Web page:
For the past forty years the refrain from the craft brewing industry has been a shouted and defiant chorus of “Us vs. Them”. Assuming the traditional underdog role and running with it as long as it will hold, the “little guys” (yes, even you Mr. Adams) have effectively sold beer by demonizing the bastardized version of bohemian lager made globally famous. As the elevator pitch goes, big, industrial breweries make bland and inoffensive beer most palatable to the unwashed masses and craft is the shining knight here to offer something new, something different, something authentic.
It’s a story that’s done its job well, but as with all good stories it shades out some of the nuances that would otherwise complicate a good yarn. As a shift brewer I am just as interested in how things get done as I am about any particular flavor profile or recipe execution. Contrary to popular belief, I do not spend my days dreaming up new recipes and exciting flavor combos (if only!) Instead I try to finish the day’s tasks in the safest way possible, at the highest level of quality I can muster, and as efficiently as I can manage (in that order).
to that end, I was super stoked to have a chance to tour the Anheuser-Busch InBev SA/NV facility in Merrimack as part of the winter session meeting of the New England chapter of the MBAA. I’ve only been a member of the MBAA for about six months now, but it sounds like ABI-Merrimack has been significantly involved for a while now and I applaud them for embracing a community that at times seems openly antagonistic to them.
Despite being the baby of the Bud plants (at a scant 2.8 million BBL/year), this place is still enormous. Our first stop was the new “craft” wing where they ferment the various acquired brands. They procured six 1200 BBL cylindroconical fermenters solely for this purpose. Apparently all of their other fermenters are horizontal cylinders which are not exactly amenable to things like dry hopping. So this is all uncharted territory for the Merrimack crew. Our tour guide was himself rather new to this section of the cellar and got lost a couple of times trying to show us stuff.
At one point we stumbled into a room with several of these tanks and I finally started to see something vaguely recognizable from my day-to-day operations. I thought, “Ah, here must be some kind of pilot system. Just look at these (admittedly oddly non-jacketed) 60 BBL unitanks!” Then I got a closer look.
For comparison, a yeast brink at my job is made out of a converted 1/2 BBL keg. From the yeast prop cellar, we meandered our way closer to the start of the process in the brewhouse command center. We passed an entire train depot which I thought strange for a brewery until I realized this was how grain was delivered. Several train cars can be emptied in a day with small fork truck-looking things pushing the cars to and fro. Each car holds enough grain for Rising Tide to brew for two years—or something like two days here at AB.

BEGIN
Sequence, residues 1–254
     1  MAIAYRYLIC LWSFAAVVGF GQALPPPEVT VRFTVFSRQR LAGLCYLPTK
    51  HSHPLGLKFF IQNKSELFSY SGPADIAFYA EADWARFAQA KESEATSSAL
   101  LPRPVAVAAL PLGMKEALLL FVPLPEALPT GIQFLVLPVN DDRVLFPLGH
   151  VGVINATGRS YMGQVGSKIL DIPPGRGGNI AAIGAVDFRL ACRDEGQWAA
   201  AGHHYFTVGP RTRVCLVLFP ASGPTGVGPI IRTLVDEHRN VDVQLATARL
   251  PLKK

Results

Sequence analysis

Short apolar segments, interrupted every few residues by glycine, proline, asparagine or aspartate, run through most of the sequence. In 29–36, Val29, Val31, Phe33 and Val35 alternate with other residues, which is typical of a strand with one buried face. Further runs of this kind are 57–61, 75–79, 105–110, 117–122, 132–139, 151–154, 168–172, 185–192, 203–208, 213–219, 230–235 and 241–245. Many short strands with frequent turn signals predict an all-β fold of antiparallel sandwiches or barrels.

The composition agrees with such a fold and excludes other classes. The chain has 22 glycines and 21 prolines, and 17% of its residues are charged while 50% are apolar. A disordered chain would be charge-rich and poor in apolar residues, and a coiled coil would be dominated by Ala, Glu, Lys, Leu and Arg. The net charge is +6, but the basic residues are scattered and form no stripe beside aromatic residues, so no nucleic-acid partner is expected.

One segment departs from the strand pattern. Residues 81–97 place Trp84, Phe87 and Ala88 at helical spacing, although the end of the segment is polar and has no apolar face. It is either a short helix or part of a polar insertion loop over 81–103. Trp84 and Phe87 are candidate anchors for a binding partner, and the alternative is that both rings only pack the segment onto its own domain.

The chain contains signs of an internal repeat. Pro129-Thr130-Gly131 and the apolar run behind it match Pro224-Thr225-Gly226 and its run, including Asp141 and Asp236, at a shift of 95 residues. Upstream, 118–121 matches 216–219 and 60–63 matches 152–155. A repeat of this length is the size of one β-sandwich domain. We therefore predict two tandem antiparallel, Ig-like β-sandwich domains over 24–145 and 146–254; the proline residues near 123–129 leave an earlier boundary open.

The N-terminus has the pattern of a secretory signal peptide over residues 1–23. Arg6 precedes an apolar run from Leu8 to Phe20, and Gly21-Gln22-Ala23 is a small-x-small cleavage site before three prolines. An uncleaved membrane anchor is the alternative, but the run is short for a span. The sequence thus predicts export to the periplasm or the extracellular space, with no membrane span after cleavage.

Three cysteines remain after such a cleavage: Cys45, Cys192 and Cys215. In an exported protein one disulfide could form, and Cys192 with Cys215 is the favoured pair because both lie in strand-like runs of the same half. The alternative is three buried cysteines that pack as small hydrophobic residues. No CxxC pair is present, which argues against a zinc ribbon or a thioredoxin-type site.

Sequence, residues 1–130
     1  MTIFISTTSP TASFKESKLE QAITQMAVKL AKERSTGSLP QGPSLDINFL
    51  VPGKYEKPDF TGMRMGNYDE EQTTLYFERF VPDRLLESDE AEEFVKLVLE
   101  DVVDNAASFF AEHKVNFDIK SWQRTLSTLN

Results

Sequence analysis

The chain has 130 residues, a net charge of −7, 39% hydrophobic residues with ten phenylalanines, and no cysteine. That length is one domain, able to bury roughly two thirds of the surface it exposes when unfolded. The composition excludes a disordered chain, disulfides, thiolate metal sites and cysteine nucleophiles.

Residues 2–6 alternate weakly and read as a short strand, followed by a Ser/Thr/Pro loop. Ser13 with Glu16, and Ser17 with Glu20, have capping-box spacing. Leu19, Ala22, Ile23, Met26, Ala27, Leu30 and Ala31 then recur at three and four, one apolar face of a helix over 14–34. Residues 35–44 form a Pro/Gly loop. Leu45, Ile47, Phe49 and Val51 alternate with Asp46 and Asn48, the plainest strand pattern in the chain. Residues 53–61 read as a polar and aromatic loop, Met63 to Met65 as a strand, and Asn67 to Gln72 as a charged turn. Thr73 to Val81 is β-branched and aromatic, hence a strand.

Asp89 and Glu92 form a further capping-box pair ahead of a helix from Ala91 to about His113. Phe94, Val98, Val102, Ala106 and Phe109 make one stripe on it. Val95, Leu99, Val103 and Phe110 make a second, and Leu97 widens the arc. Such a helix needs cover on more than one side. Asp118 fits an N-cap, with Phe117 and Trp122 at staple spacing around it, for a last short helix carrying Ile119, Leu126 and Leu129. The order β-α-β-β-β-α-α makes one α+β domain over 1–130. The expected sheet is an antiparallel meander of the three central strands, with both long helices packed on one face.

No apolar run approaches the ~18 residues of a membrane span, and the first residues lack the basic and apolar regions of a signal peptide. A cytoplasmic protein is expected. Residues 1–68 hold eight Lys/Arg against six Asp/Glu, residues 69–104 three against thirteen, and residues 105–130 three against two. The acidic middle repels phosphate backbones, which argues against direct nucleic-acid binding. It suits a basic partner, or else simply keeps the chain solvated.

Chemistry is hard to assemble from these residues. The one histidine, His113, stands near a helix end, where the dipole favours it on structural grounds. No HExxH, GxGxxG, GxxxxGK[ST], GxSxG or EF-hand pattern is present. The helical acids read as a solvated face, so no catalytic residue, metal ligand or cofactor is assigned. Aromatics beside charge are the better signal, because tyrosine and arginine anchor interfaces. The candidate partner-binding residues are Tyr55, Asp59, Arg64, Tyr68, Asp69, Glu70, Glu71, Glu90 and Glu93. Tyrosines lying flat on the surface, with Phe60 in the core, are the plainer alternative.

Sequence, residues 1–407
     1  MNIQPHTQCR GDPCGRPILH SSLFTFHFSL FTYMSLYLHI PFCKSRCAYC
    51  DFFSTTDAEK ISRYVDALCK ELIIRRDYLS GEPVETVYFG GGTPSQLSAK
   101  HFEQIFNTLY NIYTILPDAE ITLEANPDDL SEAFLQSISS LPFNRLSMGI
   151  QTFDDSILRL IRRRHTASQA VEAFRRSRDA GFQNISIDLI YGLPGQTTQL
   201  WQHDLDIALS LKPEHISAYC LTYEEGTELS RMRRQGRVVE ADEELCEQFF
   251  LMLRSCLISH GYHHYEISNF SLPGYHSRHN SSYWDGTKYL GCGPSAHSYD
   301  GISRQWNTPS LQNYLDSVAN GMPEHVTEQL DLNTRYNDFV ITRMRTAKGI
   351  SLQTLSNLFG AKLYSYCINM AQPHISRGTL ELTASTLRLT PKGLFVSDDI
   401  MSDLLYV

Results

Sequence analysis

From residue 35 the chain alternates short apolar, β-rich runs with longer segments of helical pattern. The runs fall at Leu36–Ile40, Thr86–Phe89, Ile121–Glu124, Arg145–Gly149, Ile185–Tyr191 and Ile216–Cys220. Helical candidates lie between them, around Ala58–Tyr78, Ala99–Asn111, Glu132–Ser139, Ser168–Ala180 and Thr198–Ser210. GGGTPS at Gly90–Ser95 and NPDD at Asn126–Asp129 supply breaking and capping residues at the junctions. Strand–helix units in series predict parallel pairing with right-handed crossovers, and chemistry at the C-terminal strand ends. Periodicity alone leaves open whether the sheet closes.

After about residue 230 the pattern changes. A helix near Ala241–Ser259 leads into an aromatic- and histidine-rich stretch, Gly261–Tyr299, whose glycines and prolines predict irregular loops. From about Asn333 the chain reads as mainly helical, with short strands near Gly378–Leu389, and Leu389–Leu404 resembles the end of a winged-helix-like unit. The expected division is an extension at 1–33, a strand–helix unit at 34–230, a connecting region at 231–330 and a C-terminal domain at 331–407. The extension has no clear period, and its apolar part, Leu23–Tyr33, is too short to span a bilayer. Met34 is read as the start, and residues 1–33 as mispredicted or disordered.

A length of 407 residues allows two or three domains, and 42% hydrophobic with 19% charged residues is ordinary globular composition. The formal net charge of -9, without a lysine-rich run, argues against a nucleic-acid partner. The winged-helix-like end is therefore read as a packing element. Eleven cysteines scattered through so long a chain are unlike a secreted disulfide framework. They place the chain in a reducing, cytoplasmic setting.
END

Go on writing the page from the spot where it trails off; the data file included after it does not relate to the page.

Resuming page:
Here we walked past the heat exchanger, which is kind of just sitting in some random hallway off to the side like some old-timey steam radiator. After the inevitable jokes among brewers about never wanting to take it apart (easily one of the more reviled tasks in craft production) our guide said he’s worked there over 20 years and only seen it taken apart once. Granted, it’s probably pretty clean given that they’re not typically whirpooling with over a pound of hops per barrel.
The final stop of the tour is where the whole brewing process starts. There is a 620 BBL kettle, two mash tuns, and a cooker (presumably for gelatinizing corn). Everything is fully automated and the brewers hang out in a darkened control room with roughly a dozen computer screens monitoring production from dough-in to packaging. Think less Office Space and more Pushing Tin.
The Merrimack plant is a cool place, both from a technical standpoint and because they have a new biergarten replete with Clydesdales. And while it’s easy to peg AB-I SA/NV as a faceless global beverage factory (that name, though!) attempting to be the sole purveyor of mildly alcoholic beverages for the entire planet, it’s just as easy to forget that it’s also composed of typical manufacturing plants employed by regular people who have probably forgotten more about the science and engineering of making beer than I will learn in a lifetime.
On our way out a friend of mine asked if I had tried any of the local products offered during lunch. I told him I had a Budweiser (in an aluminum bottle, no less) and that it tasted as I remembered. He remarked that the Michelob ULTRAs were fresh off the line from the day before. I started to laugh assuming he was just taking the piss but his face remained stone sober. “Say what you want, but that beer was actually one of the best beers I’ve had in a long time.” And this, coming from a man who does beer quality control for a living and has one of the better palates I’ve ever had the pleasure of meeting.
If nothing else, they know what they’re doing.